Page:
It would be unfair to name them, but there are plenty of retired players around in possession of numerous Premier League title medals, attained not from being especially talented, but because they just happened to serve a purpose at the time for a very, very decent side.

Good luck to them. Them’s the breaks.

Conversely, there are some extraordinarily gifted stars who never won the English league crown, not through any fault of their own. Not through the fault of anyone really. Again, those are the breaks. 

And if it’s possible to be charitable about the first disparity, it’s harder when acknowledging the latter. Frankly, it just plain sucks.   

Gianfranco Zola

In the most prosaic of descriptions, Zola was one of the best Premier League strikers around but there was infinitely more to the little wizard than that.

For seven thoroughly enjoyable years, the Italian lit up our pitches, with his mazy dribbles and propensity to score goals that made neutrals grin from ear to ear. He was a genius without all the baggage that usually comes with geniuses. 

Alas, the silky Sardinian graced Chelsea and beyond in the era immediately prior to the transformative Roman Abramovich takeover. Indeed, he left in the same week that the money arrived, with all the success that came with it. 


Steven Gerrard 

Famously there was ‘the slip’, a mis-control against Chelsea in 2014 that cost Liverpool so dear as a first Premier League title lay within their grasp. 

Famously too, the player affectionately known as ‘Stevie G’ never got to win the competition, a charge that has been levelled against him ever since as a skewed form of proof that he wasn’t the bee’s knees. 

Only he absolutely was. The marauding midfielder is the only player to ever score a goal in a FA Cup final, a League Cup final, UEFA Cup final and a Champions League final.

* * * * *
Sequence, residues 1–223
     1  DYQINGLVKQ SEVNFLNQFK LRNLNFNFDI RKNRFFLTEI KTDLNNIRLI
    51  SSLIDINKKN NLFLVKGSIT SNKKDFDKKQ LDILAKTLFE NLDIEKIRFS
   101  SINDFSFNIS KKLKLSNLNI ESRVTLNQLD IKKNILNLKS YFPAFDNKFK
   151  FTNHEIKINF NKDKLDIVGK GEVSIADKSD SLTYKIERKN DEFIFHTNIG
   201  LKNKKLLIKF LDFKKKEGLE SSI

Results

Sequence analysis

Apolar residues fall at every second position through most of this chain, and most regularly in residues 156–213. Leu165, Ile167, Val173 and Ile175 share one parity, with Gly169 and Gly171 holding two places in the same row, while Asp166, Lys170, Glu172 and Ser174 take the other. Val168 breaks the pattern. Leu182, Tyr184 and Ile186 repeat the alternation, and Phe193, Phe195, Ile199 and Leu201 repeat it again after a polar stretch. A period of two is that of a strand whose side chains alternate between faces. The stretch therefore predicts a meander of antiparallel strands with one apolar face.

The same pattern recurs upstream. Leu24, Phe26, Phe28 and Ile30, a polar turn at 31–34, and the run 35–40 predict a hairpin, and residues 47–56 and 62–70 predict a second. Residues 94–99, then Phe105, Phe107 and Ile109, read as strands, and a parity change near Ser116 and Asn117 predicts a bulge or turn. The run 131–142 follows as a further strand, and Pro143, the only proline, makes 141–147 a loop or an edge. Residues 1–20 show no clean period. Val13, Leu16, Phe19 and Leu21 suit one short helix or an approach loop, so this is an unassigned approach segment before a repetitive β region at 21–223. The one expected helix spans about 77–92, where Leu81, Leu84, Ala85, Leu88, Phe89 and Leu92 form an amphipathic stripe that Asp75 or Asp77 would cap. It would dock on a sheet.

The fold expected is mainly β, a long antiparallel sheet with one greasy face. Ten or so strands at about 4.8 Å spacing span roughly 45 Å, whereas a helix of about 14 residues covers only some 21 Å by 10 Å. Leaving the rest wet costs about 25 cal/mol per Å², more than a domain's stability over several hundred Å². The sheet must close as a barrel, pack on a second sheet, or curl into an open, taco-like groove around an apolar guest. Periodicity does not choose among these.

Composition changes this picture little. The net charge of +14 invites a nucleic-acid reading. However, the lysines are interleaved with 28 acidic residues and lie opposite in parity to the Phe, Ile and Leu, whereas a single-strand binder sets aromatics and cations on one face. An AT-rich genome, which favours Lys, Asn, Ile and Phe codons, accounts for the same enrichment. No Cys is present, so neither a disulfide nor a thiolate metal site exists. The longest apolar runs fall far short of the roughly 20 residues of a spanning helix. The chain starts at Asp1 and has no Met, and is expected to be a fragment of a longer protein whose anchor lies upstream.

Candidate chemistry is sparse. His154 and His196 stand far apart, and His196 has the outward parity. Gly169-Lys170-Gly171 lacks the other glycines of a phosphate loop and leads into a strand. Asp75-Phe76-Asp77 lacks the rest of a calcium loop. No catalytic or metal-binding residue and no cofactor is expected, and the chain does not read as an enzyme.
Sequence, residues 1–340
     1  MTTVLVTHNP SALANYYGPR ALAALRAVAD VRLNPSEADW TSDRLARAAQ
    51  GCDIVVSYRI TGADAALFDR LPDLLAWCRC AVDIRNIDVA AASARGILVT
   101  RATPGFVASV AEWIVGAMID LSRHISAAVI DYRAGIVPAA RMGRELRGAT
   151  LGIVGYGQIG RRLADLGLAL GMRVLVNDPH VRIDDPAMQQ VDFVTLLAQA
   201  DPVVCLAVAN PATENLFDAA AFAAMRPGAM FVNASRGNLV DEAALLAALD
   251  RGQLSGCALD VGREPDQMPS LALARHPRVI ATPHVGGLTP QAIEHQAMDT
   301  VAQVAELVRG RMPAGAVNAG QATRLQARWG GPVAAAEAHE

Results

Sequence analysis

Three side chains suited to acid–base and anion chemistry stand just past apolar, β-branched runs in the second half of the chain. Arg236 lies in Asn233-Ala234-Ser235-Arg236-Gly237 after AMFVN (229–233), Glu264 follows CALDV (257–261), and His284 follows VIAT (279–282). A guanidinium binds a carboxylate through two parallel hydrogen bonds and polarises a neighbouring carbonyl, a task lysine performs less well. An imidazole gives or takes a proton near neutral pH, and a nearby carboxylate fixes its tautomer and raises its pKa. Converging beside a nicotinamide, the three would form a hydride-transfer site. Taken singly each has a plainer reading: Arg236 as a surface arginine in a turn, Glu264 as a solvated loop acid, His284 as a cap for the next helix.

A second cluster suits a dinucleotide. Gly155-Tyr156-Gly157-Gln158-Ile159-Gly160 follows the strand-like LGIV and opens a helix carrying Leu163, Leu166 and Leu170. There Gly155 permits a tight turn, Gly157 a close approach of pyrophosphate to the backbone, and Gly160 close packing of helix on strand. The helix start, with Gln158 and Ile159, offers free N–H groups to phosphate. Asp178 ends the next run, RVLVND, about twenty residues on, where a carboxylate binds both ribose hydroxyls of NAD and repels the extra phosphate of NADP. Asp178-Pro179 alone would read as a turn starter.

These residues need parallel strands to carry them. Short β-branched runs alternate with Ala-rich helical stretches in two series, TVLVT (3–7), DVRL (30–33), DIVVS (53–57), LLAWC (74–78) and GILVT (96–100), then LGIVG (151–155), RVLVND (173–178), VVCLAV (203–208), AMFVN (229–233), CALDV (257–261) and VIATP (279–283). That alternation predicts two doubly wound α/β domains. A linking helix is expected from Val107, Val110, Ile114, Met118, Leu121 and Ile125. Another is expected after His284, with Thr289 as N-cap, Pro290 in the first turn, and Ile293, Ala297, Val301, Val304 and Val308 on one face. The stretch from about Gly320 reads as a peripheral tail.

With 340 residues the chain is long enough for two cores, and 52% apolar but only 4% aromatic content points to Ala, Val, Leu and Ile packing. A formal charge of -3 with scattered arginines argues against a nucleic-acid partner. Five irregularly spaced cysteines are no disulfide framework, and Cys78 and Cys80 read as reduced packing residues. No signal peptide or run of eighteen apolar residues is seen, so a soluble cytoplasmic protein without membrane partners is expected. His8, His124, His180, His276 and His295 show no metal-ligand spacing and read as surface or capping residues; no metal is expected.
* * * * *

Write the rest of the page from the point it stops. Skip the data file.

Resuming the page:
In the latter, he single-handedly hauled his hometown club to one of their greatest triumphs on an unforgettable evening in Istanbul. 

Also, though it matters little compared to his footballing prowess, he did rather well for himself off the pitch too. Gerrard was unquestionably a special talent indeed. He just played for the right side, at the wrong time. 


Matt Le Tissier

You may, or may not, be familiar with the bizarre tale of Ali Dia, the non-league non-entity who duped Southampton into giving him 50 minutes of top-flight action.

In a neat twist, Dia came on for an injured Le Tissier that day, meaning the finest talent the South Coast club has ever showcased was replaced by its worst.

That Dia and ‘Le God’ have won the same number of trophies makes us question the existence of a deity, ‘le’ or otherwise.


David Ginola 

The French winger positively danced past opponents, his poise – even at full speed – leaving them twisting in the wind. With the ball at his feet meanwhile, he could regularly conjure up magic.

At Newcastle, his footballing devilment coupled with Kevin Keegan’s attacking mandate was a match made in heaven, while at Spurs, Ginola won the PFA and Football Writers' Player of the Year. 

He was untouchable that season. Sadly, so many of his team-mates were not.


Gareth Bale 

A similar fate befell Bale during six years at Spurs that began slowly before exploding into ridiculous feats of individuality, including a hat-trick at the San Siro that will live long in the memory.

In North London, the Welsh golfing fanatic emerged as a bone fide superstar, capable of upsetting the football odds with a blistering turn of pace and a precise finish.

His was a skill-set rare enough to persuade Real Madrid to part with a then record sum of £85.3m. Alas, surrounded by the likes of Alan Hutton and Wilson Palacios no title was forthcoming.


*Credit for all of the photos in this article belongs to AP Photo*

 

FIRST PUBLISHED: 22nd September 2022

About the Author
By
Ste Tudor

Stephen Tudor is a freelance football writer and fantasy football enthusiast who only knows slightly less about the game than you do.

A contributor to FourFourTwo and Forbes, he is a Manchester City fan who was taken to Maine Road as a child because his grandad predicted they would one day be good.